Blaseball Joel thinks this ambiguity also allows for some of Helldivers 2’s coolest bits of community puppeteering, like when Helldivers Joel (seemingly) began dropping future features – like vehicles and a new flying enemy type – into a small handful of matches, pouring rocket fuel into the game’s ever-buzzing rumor mill.  

"I love that,” Clark said. “I hope they get to spectate the matches, too – kind of fly around and watch it happen. There's a good, strategic weapon to have those sorts of tools, but it also sounds like a really fun way to mess with people. ... I would totally do that if I had those tools. But I mean, it just seems like a really fun, mysterious way to roll out content. People start seeing vehicles appear in worlds and get really curious about them."

The coolest, most difficult part of a game like this, in Blaseball Joel’s eyes, is the relationship that develops between developers and a highly-organized community. As with Helldivers 2 players’ mobilization around a planet they came to call “Robot Vietnam,” Blaseball players latched onto elements of the game the developers weren’t expecting. Blaseball Joel thinks the best stories emerged when the team leaned into that.

"[In season six], whoever won the raffle item got to steal a player from another team,” said Clark. “But instead of stealing at random, we had it steal from slot 14 on the [top-20 most popular fictional Blaseball players board]. And the community had control of who was at what slot. So they coordinated to put Jaylen Hotdogfingers, who had died, at slot 14. They were like 'We're gonna bring this player back from the dead by stealing them from death.' And we were like 'That's great! Let's roll with that and design mechanics.'"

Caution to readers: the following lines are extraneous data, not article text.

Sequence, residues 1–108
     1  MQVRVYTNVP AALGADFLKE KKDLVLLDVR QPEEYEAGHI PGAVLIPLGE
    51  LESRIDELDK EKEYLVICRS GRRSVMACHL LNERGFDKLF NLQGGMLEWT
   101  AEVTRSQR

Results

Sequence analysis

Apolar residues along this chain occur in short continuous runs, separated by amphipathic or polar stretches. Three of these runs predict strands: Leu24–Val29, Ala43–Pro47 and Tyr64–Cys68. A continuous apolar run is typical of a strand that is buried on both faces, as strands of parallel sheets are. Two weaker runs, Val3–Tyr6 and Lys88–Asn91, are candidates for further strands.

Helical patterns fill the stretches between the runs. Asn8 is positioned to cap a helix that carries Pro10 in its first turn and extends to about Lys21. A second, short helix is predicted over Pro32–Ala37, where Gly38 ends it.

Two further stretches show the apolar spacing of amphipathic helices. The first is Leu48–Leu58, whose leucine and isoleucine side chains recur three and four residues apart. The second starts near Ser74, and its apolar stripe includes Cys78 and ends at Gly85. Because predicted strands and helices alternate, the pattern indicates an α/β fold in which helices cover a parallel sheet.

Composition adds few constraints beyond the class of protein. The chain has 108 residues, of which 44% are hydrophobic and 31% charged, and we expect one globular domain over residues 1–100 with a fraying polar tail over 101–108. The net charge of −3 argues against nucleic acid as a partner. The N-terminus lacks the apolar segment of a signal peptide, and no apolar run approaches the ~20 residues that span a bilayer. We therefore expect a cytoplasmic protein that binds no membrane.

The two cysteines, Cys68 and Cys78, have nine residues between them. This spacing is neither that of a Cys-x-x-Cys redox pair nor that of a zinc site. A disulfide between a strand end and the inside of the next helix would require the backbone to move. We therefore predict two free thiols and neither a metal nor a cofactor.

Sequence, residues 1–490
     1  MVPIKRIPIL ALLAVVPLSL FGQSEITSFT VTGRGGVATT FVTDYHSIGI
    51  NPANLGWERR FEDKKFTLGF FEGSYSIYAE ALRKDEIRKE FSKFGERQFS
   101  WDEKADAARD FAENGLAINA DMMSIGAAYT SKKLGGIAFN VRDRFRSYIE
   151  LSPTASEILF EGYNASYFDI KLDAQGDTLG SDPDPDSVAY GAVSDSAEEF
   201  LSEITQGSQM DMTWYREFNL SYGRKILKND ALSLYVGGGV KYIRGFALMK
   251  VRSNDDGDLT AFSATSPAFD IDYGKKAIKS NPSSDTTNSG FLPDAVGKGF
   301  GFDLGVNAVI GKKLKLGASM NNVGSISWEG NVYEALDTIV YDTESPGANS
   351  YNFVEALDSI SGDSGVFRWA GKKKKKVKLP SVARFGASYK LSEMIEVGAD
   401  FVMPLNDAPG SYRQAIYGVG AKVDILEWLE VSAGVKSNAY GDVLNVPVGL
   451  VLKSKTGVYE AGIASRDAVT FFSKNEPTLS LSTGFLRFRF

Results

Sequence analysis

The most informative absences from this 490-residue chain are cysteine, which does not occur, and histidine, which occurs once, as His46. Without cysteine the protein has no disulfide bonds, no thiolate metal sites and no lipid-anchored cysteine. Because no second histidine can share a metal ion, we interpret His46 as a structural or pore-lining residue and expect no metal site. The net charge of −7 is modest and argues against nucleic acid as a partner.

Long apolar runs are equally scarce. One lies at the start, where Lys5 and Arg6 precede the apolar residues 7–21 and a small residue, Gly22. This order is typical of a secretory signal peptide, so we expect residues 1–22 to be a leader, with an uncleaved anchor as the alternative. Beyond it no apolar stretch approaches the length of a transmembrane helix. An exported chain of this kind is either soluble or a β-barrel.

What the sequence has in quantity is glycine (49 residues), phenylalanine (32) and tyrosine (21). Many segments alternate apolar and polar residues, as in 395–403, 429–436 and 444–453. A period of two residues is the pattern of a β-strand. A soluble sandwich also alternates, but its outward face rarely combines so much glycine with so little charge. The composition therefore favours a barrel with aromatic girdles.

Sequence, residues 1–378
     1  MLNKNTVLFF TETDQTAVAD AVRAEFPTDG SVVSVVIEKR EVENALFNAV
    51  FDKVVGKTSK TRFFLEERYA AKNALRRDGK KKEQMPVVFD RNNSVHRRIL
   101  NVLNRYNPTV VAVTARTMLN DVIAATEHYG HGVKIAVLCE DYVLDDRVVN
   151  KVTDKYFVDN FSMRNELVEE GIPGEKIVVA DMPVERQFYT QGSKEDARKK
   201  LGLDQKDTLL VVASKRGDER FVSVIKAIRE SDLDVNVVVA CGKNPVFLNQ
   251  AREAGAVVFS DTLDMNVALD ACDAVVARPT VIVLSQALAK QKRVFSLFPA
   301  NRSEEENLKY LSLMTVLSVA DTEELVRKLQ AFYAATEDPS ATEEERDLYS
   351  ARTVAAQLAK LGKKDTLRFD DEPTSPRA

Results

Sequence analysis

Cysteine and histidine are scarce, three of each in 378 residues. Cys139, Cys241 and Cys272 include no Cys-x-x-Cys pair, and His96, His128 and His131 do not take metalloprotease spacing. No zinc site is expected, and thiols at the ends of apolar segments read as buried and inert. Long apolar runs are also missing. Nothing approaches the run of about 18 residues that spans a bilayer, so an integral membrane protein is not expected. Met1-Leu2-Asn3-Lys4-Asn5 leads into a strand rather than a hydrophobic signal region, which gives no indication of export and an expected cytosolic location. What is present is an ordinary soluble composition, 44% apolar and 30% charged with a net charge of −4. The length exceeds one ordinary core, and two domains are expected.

Of course, warping the very fiber of the game to allow for necromancy wasn’t easy, and Blaseball’s dev team didn’t have much time to make it happen.

"On Thursday [of season six] we were talking like 'Hey, did you see what the community is trying to do?'” said Clark. “[Then we] designed the mechanics. We created three quick systems on the fly so that when Jaylen did come back, he was beaning players and hitting the batters with the ball, and that caused this chain effect of these other systems that happened. We designed it all on Thursday, wrote the code on Friday, shipped it on Saturday, and it went live on Sunday. Jaylen came back, and the next four or five weeks were centered on Jaylen Hotdogfingers' wild necromancy story and the heel turn of Jaylen that the community caused."